What we know today as the Moffat Route started back in 1902 as the Denver, Northwestern & Pacific, David Moffat's dream made real about a railroad straight west from Denver to Salt Lake City. The line was intended to follow a steady 2% grade up through numerous tunnels in the Flatirons and along South Boulder Creek until reaching the main range, where it would eventually tunnel beneath the highest mountains and work west. The line would then follow the Grand (now Colorado) River westward through Hot Sulphur Springs, Kremmling, and Gore Canyon, where then it would turn north and follow the Yampa River towards Phippsburg, Steamboat Springs, and Craig, eventually passing through northern Utah into the Salt Lake basin.
The railroad never reached its namesake western terminus, though. Directly west of Denver lies the backbone of the Rockies, with no low passes. In an effort to use as much capital as possible extending the line westward towards possible sources of traffic, a temporary route was built over the 11,600 ft. Rollins Pass, with the intent of building the main range tunnel in a few years. This temporary route had numerous sharp curves and a sustained 4% grade, necessitating helper locomotives and crews on nearly every freight train. As if this wasn't enough to eat up any meager profits, winter on Rollins was a fiscal nightmare. The line would routinely be shut down for days or weeks on account of blizzards at the top, and frequently trains would become stuck in the huge drifts. Even plow trains would become stuck, only to have the plow trains sent to free them get stuck as well. Clearly the main range tunnel was needed, but there was no money left to build it.
Through many infusions of cash by both David Moffat himself and other investors, the line did eventually reached as far as Craig, CO, by 1913, but the DNW&P was already in bankruptcy, largely because of the expense of keeping Rollins Pass open. Even when it emerged as the Denver & Salt Lake Railroad, the Pass continued to plague the line with slow, unreliable, dangerous travel. A small road like the Denver & Salt Lake, with few sources of revenue, simply could not take the financial strain that operating Rollins Pass placed on the budget.
Thanks to a bizarre twist of government, the State of Colorado agreed in 1923 to build the 6.2 mile tunnel through the main range of the Rockies, at an elevation of about 9200 feet. In honor of the visionary who had first built this particular railway and done so much for Colorado railroading in general, the new bore would be called the Moffat Tunnel. It would be part of the Moffat Tunnel Improvement District and owned by the people of Colorado. In turn, it would be leased back to the railroad. Started in 1924, the Moffat Tunnel was completed four long years later, with the first train running under the mountain during February 1928. So successful was the tunnel that the line over Rollins was immediately closed, and no further traffic passed over it with one exception. During March of 1929, part of the Moffat Tunnel's roof collapsed, forcing the railroad to send a few detour trains over Rollins. After that, no further traffic went over the top. By 1935, the route was abandoned and was taken up shortly thereafter.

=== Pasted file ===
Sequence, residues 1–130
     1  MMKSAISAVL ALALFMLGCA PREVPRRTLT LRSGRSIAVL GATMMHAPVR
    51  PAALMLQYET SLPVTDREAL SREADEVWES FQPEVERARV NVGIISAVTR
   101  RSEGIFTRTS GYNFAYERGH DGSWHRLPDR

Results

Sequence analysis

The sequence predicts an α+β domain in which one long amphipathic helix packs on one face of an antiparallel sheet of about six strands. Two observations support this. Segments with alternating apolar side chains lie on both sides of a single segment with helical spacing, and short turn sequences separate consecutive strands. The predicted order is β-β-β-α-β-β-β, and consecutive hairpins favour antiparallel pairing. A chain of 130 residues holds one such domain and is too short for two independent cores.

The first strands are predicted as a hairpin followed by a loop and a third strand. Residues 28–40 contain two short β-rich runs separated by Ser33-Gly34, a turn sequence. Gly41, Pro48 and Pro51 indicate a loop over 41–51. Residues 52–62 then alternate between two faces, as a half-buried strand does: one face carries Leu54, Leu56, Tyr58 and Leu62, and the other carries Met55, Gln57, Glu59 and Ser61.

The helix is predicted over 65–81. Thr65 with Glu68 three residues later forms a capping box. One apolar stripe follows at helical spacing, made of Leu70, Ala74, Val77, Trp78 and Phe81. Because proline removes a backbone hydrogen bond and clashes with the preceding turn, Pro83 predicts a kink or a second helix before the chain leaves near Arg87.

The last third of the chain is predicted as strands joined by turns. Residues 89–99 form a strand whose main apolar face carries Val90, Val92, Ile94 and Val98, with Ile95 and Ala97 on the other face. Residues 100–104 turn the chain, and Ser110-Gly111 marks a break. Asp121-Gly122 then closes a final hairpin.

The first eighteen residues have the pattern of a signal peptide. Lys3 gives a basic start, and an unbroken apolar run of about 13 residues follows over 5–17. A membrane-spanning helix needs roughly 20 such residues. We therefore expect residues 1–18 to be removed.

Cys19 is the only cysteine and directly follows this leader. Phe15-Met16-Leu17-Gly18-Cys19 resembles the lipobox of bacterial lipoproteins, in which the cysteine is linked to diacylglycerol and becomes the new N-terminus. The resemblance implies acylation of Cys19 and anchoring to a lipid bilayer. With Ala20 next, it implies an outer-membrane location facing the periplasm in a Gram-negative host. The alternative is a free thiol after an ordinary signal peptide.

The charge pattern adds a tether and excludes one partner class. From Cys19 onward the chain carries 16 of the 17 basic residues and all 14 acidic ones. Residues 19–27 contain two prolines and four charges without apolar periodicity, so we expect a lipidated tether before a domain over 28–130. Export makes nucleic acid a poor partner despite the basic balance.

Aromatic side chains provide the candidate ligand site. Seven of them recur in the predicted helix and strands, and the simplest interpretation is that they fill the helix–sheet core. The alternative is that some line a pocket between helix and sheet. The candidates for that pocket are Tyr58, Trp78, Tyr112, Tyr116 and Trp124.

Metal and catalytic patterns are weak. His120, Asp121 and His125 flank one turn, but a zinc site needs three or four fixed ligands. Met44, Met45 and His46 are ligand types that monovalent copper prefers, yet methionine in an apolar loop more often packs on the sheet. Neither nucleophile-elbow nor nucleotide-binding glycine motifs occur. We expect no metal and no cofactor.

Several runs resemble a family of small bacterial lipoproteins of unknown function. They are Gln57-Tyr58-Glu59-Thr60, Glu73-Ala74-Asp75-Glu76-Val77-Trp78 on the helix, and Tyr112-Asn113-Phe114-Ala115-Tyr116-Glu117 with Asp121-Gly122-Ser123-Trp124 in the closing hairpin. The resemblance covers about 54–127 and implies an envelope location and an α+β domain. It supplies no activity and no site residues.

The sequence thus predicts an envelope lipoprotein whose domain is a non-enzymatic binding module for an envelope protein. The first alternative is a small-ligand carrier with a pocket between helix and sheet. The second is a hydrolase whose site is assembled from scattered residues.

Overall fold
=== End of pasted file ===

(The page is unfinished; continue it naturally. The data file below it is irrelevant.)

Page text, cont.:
With the Moffat Tunnel being built, it was clearly necessary to connect the west end of the D&SL to something, lest the tunnel become a big, expensive hole to, essentially, nowhere... Since completing the original DNW&P / D&SL route to Salt Lake would have required another three hundred miles of new railway and would have duplicated the D&RGW's existing standard gauge route, it was decided to connect the D&SL from Bond, CO, 45 miles southwest along the Grand (now Colorado) River to a point on the D&RGW's standard gauge Tennessee Pass mainline near the confluence of the Grand and Eagle Rivers. This route, eventually connecting timetable locations known as Dotsero on the west and Orestod on the east, would be the Dotsero Cutoff. While it took some time to get it done, the route was finished in 1934 as a condition of the D&RGW's acquisition of the D&SL.
At that point, the modern Rio Grande standard gauge system that we all know was, for all purposes, complete. The D&RGW had formally taken control of the D&SL in the early 1930s, but it would remain separate, at least on paper, until 1947. At that point, it was formally folded into the D&RGW. The Moffat Route had become the preferred route west for Denver traffic, and west of Bond, the rest of the former DNW&P / D&SL route from where the Dotsero Cutoff split to the end of the line near Craig, CO, would become known as the Craig Branch - a key coal-producing line.
The Moffat Route would continue largely unchanged until the end of the Rio Grande on October 13, 1988. On this date, the Rio Grande purchased much larger Southern Pacific and then merged itself in as part of the "new" Southern Pacific. Only eight years later, on 11-Sep-1996, the SP itself would disappear into Union Pacific.
Today, UP continues to operate the Moffat Line, and BNSF runs trains over it via trackage rights acquired as a condition of the 1996 merger. Most through UP freight has been rerouted via Wyoming, but some does still flow across the Moffat. Mostly, UP uses the Moffat to bring unit coal trains to and from the North Fork? and Craig Branch. Passenger service still exists over the line, with Amtrak's California Zephyr providing daily service and the Ansco Ski Train running between Denver and Winter Park at select times of the winter and summer.